Nippon Ichi Software (often shortened to NIS or N1) is a video game company based in Japan. They are relatively famous for their use of detailed pixel art sprites instead of the photorealistic 3D models toward which the rest of the industry is leaning, and their many Strategy RPGs with absurdly high Power Levels."Nippon Ichi" is Japanese for "Japan One" or, in other words, "Japan's Best".Nippon Ichi opened an American branch called NIS America in 2003 (which has also operated in Europe since 2009, under the same name), which publishes games from both its Japanese parent company and other smaller companies (much like Atlus USA, which localized several of Nippon Ichi's games before 2003 and today distributes several of NIS America's games). These include numerous games developed by Idea Factory, Compile Heart and Hitmaker, and nearly anything from Gust Corporation; the two have been partners in Japan for some time and that extends to America as well, with the Atelier series (from Atelier Iris on) essentially forming the "second tentpole" of NIS America's output.NIS America is now in the anime licensing business. Up until March 2014, all of NIS America's releases were subtitled-only.note Which is ironic, because they dub games quite well, albeit this is for being able to fund their videogame dubs, as Sony requires including an English dub in their consoles and they don't have a choice on this one. Their first dubbed release will be the re-release of Toradora!.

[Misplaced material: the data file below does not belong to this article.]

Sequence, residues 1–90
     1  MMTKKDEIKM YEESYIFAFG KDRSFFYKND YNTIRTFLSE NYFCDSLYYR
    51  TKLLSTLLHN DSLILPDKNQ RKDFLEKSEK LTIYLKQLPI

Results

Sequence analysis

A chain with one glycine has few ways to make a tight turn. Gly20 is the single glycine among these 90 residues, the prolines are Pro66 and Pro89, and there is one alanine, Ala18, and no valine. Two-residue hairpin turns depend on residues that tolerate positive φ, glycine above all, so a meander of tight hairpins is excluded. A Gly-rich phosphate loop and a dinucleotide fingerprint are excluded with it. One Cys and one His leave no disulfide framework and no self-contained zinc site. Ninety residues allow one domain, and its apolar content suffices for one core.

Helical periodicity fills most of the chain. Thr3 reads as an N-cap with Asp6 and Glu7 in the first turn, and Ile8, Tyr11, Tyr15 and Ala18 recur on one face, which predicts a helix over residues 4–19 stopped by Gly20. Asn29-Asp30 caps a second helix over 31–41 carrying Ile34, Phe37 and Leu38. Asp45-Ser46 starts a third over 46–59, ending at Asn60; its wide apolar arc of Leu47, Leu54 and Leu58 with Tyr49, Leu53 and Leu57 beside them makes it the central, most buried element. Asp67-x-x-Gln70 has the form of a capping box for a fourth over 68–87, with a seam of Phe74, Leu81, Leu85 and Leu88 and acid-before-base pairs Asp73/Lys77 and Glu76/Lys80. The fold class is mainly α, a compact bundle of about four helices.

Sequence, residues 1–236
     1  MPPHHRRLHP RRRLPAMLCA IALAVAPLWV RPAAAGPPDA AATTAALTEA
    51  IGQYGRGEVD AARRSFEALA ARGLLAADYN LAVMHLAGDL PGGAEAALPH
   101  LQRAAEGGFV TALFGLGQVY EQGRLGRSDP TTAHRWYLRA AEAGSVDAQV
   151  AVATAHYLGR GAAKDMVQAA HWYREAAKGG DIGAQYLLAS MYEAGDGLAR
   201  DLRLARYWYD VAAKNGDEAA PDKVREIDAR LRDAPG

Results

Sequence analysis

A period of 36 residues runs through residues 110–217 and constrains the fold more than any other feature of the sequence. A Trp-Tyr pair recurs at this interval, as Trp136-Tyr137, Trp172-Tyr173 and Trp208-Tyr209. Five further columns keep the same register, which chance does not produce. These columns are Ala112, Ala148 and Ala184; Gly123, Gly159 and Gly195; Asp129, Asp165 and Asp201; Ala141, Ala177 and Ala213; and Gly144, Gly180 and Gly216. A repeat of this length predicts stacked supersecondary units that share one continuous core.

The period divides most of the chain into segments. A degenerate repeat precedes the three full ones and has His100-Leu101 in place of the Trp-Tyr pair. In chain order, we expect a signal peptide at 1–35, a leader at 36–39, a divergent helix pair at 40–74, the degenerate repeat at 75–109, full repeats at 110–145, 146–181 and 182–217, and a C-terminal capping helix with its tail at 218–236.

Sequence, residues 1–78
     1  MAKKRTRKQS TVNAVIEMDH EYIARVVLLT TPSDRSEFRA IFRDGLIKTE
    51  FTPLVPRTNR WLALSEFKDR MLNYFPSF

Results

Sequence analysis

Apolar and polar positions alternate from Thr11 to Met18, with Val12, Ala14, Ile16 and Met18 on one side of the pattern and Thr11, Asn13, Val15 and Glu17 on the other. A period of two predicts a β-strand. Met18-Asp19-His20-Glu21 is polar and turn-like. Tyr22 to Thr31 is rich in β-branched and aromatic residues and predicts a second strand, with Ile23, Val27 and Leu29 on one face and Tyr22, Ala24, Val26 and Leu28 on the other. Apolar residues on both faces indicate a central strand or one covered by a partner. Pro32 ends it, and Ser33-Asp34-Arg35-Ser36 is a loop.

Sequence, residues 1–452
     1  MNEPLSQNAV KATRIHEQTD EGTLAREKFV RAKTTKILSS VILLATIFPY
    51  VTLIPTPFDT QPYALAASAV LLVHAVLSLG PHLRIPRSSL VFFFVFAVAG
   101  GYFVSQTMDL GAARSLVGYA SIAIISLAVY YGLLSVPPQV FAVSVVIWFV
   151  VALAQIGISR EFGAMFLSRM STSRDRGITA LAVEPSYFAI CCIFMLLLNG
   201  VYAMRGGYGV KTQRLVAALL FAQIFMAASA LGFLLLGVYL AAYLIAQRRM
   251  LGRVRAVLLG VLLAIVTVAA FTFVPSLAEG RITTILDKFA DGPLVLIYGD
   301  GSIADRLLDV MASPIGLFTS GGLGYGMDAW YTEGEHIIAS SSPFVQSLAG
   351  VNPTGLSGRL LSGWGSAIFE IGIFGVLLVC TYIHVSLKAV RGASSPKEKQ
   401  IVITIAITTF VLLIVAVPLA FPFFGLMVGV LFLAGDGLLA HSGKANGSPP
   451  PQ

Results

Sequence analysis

Everything Fades: Applies in all games except Phantom Brave. In that one, piles of corpses may impede movement or targeting. A moderate amount of damage applied to the corpse will remove it. You could also simply use them as a weapon, stepping stool, distraction, etc etc.
Magic Knight: From Disgaea on, there is a class explicitly named this. Some plot characters also qualify, and use of reincarnation can make almost anyone a Magic Knight.
Mana: Mana in Nippon Ichi games is different from how it's handled in other similar games. There is indeed a secondary bar called "SP" which drains as you use special abilities, but Mana is a separate statistic from that. It's usually generated from defeating opponents (depending on the game) and is a measure of how much hidden power or potential a character may have. In the Disgaea games, this means you can ask for different things from the Dark Assembly. In Cla Dun it's how many slots a character gives you for upgrade items. In Phantom Brave, mana is used to gain new skills on weapons and fuse them to make them stronger.
Min-Maxing: All of Nippon Ichi's Turn-Based Strategy games thrive on this. Once you reach post game, it's all about making your character(s) as stupidly powerful as possible.
One Stat to Rule Them All: Because of how damage is calculated, defense becomes increasingly useless as attack power increases. At high levels, the most viable strategy is to pump your attack stat (usually ATK or INT) as high as possible and just blitz the enemy in a one-turn do-or-die attack. In Phantom Brave, Speed can claim a tie or even a solo first if used as the attack stat.
Over Nine Thousand: The sheer amount of high levels in most N1 games is just staggering to the average RPG fan. Add in that you can also level up weapons and abilities to insane levels and...